Unknown said...

As usual you are fascinating, and point out things that ought to have been obvious. The 'silence', except for coughs and shufflings &c, is wondrous to experience today.

But a tiny detail - 'microphones were forbidden on the altar'. One would dearly love that to now be the case, but were they? (at least for the post-'20s, after the technology had been invented!)

Pelerin said...

Ben Whitworth's comment on what he overheard a Bishop say regarding having 'missed the last Mass' saddened me. It was as if because the enquirer would not understand the homily then there would be no point in his attending Mass. A very protestant view. The Bishop seemed to have missed the point of the Mass being an action in whatever language it is celebrated.

A few years back I remember being disappointed at finding it had started snowing outside one Sunday morning. I realised the buses would soon stop running and I would have been unable to go to Mass. It cleared up later and I remembered the Polish Mass at mid day so of course I went. Not understanding a word of Polish the sermon was of course unintelligible to me but the Mass was the Mass and it was not difficult to follow. The singing was beautiful too.

Incidentally a French tv newsreader once had to apologise for having said that the homily before Vatican II was given in Latin!

Physiocrat said...

The Tridentine Mass has the enormous advantage that in a polyglot congregation, everyone can follow the text in their own languages. This also gets around the problem that most churches have difficult acoustics, badly set up public address systems and readers who do not enunciate clearly and are unable to speak as the PA system requires.

pablito said...

I so agree with Fr Ray here. When Latin was the language of the Mass, which was the same in Poland and Peru, as in Italy, Ireland and Idaho, the Church was truly universal. The Second Vatican Council permitted Mass in the vernacular, but never intended it to replace Latin completely, as has almost happened. I'm no fan of Mass in the Ordinary Form, but when it's celebrated in Latin in one of London's beautiful choral churches, it still has both dignity and universality, notwithstanding its theological shortcomings. But a true Babel exists in today's world where even doctrine is starting to vary from one jurisdiction to another. I don't suppose we'll ever see a return to the Universal Church with its sacral language, but the Church has become infinitely poorer spiritually for the changes it has undergone.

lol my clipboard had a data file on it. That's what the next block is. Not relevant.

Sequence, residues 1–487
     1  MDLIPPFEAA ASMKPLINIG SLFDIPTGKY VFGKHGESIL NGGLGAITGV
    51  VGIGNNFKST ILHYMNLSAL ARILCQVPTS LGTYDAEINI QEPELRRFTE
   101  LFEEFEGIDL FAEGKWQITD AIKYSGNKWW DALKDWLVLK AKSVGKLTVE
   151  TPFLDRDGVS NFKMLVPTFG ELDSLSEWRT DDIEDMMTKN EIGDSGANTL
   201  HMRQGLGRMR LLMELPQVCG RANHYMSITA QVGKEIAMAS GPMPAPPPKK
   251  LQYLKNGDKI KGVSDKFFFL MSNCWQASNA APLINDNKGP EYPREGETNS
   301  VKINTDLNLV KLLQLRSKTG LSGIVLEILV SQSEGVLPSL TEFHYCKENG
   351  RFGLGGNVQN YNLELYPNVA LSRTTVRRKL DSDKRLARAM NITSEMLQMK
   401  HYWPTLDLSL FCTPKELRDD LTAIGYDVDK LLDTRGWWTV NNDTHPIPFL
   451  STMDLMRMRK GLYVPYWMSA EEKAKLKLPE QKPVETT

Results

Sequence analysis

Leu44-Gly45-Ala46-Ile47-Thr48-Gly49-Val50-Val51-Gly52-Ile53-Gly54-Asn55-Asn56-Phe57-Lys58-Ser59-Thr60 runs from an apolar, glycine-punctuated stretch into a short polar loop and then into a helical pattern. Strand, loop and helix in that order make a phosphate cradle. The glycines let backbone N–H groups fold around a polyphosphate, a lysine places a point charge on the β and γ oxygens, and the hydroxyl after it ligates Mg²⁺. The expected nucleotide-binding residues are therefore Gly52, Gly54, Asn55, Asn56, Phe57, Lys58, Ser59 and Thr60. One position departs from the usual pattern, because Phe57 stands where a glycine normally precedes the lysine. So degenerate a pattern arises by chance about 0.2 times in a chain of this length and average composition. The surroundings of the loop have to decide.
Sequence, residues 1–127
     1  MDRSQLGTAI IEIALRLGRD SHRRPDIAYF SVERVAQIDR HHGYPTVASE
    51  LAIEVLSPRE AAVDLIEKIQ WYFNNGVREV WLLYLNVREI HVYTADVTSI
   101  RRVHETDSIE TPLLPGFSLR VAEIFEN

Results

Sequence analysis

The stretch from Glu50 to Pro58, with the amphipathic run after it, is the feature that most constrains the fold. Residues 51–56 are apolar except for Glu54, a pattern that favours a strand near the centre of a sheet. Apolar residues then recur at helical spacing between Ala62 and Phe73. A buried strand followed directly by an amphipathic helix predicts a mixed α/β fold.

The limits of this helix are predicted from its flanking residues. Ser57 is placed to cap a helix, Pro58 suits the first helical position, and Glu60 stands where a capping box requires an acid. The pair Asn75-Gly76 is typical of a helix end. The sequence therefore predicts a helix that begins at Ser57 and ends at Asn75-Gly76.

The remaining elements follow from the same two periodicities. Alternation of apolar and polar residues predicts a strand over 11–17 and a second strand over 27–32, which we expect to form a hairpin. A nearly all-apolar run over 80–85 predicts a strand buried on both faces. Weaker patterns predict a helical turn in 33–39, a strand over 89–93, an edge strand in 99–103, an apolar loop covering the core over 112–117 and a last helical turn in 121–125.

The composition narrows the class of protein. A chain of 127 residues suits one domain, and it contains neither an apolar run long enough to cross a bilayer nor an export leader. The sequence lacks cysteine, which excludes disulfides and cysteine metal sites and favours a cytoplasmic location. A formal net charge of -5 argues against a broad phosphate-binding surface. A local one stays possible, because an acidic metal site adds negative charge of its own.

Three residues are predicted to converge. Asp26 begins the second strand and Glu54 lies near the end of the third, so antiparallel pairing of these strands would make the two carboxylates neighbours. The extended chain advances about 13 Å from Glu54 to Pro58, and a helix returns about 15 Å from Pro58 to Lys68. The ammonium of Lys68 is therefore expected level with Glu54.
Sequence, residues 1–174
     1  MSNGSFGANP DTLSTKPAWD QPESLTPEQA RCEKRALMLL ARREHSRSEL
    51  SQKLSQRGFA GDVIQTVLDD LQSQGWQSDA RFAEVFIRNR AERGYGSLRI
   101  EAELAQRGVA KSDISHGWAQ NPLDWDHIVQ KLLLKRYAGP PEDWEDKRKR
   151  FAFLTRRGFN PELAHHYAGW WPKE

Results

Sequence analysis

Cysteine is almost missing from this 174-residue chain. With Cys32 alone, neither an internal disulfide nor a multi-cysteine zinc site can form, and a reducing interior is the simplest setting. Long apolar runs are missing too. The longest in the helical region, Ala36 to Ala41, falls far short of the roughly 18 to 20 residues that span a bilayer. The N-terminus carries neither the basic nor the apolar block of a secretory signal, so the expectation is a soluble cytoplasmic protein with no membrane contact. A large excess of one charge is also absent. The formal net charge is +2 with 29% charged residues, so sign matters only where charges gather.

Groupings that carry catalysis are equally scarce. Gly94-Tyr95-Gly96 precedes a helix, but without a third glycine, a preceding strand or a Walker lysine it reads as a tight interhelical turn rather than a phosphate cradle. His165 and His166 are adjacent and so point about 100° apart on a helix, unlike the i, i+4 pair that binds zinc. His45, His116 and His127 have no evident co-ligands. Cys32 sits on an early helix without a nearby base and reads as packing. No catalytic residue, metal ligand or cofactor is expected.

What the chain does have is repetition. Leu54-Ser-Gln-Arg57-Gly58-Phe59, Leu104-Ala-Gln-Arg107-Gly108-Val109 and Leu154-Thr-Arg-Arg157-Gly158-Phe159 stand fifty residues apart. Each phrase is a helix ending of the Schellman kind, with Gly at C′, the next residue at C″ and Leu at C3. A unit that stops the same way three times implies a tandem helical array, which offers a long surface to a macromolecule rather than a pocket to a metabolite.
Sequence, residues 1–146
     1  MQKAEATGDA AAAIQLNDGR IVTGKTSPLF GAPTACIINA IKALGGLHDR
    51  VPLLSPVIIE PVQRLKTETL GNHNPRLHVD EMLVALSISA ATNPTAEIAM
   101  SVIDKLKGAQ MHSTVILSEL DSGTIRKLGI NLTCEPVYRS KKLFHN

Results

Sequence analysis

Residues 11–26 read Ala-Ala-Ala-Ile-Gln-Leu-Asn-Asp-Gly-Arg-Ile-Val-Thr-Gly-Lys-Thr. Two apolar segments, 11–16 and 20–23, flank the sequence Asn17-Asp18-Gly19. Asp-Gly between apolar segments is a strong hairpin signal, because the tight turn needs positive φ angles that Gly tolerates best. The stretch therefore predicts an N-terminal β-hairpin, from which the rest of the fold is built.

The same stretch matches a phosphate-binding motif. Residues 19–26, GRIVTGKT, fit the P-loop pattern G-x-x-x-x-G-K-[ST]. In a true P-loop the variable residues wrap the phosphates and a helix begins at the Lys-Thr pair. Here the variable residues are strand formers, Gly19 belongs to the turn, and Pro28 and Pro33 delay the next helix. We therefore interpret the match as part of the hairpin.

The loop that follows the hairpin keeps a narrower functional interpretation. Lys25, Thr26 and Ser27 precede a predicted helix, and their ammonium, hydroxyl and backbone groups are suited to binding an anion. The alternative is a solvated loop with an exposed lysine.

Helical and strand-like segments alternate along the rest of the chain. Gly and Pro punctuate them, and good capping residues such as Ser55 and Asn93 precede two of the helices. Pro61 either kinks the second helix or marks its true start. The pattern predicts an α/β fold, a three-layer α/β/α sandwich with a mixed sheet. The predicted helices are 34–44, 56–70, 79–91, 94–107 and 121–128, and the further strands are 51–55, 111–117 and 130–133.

John Vasc said...

If a clear understanding of every word were to be a criterion of receiving grace at Mass, the deaf and hard-of-hearing would be heading for hell - luckily, it is not so.

All the fixed texts from the TLM could always (and of course still can) be followed either from memory or in one's missal - the Prayers at the foot of the altar, the Canon, etc. The Propers are/were also in one's missal, and exactly where and when they are said becomes clear after attending only a few Masses. So anyone who wants to 'actively' follow Mass can easily do so with a missal, even a hundred yards away from a large altar, even at a Low Mass with an inaudible celebrant. Since there is none of the usual noise and chatter in the pews, distractions are far fewer.

John Vasc said...

Back in the day, missals were rarer among the bulk of the faithful:many regulr massgoers would instead either say the Rosary or just switch off in private prayer and meditate on the mysteries. (And who is to say whether they did not have 'the better part' by concentrating on only One Important Thing?)
Wilful inattention is sinful, of course, but no one *must* follow every word to obtain God's grace. Sometimes e.g. when missal-less, or unable to discover which Mass Propers Father is saying today (could it be a commem of St Christina the Astonishing? :-) one has to put up with understanding no more than a glimmer (a phrase of St Paul, the general story of the Gospel narrative, a known tag from a psalm, the silent infinity of the Canon, followed through its visible actions). It is rather like 'not seeing but still believing' - a schooling of patience, and a corrective to intellectual pride.
In comparison, the Novus Ordo often feels like spoonfeeding within the comfort zone. One can hear every word, but engagement is more difficult. It can often go by without much of a sense of meaning at all: even more of a challenge than not hearing.